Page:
“A lot of people have gone further than they thought they could because someone else thought they could.” – Unknown
Fact: I am incredibly stubborn. Fact #2: I will not ask for help when I need it due to fact #1. For a long time I have viewed asking for help as a sign of weakness; that I was incapable of solving my own problems and people would *gasp* know I am not perfect. However, what I know now is that asking for help shows a great deal of strength. Asking for help shows others that you want to better yourself and learn from what they have to offer. Asking for help can be the hardest thing you ever do. However, I believe, asking for help is often the bravest and most beneficial thing you ever do. When it comes to recovery from an ED, Thom Rutledge always says, “No one, which means no one, can recover alone. And you are not the exception to this rule.” This is where the role of a mentor comes into the equation of recovery.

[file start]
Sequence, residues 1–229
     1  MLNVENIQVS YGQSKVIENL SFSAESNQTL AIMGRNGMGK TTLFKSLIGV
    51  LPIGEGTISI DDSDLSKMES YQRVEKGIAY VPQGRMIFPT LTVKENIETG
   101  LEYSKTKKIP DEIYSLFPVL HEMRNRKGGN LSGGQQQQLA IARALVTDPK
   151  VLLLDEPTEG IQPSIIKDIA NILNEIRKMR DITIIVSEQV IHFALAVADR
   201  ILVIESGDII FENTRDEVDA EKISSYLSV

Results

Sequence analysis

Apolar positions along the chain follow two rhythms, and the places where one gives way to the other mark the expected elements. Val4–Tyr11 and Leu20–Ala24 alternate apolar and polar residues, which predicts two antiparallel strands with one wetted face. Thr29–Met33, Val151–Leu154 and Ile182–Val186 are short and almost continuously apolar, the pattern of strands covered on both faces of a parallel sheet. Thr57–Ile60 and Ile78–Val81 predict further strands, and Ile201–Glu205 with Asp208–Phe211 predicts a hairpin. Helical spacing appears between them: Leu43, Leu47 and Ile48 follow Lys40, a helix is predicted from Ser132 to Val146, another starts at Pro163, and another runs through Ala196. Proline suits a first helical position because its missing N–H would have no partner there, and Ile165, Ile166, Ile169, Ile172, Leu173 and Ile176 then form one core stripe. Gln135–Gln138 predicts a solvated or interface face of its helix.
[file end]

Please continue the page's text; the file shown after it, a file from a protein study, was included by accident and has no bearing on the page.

Journaling, drawing, crafting…whatever you do instead of behaviors, well, they can only offer so much. Sometimes you just need another person to talk to you about what you are going through, to calm you down, or to help you think through a situation. Sometimes just the presence of another person sitting with you, without even speaking, can bring great comfort when working through recovery. A mentor can offer great insight into recovery because they have been there; they understand exactly what you are going through. They can offer insight and wisdom that comes from living in recovery that many other people cannot provide. A mentor can help you stay motivated to work towards recovery and be there to support you every step of the way. For me, a big part of my recovery is someone holding me accountable for it. If there is no one there for me to be accountable to, odds are I might not work as hard. So, it is very beneficial for me to be able to have a mentor.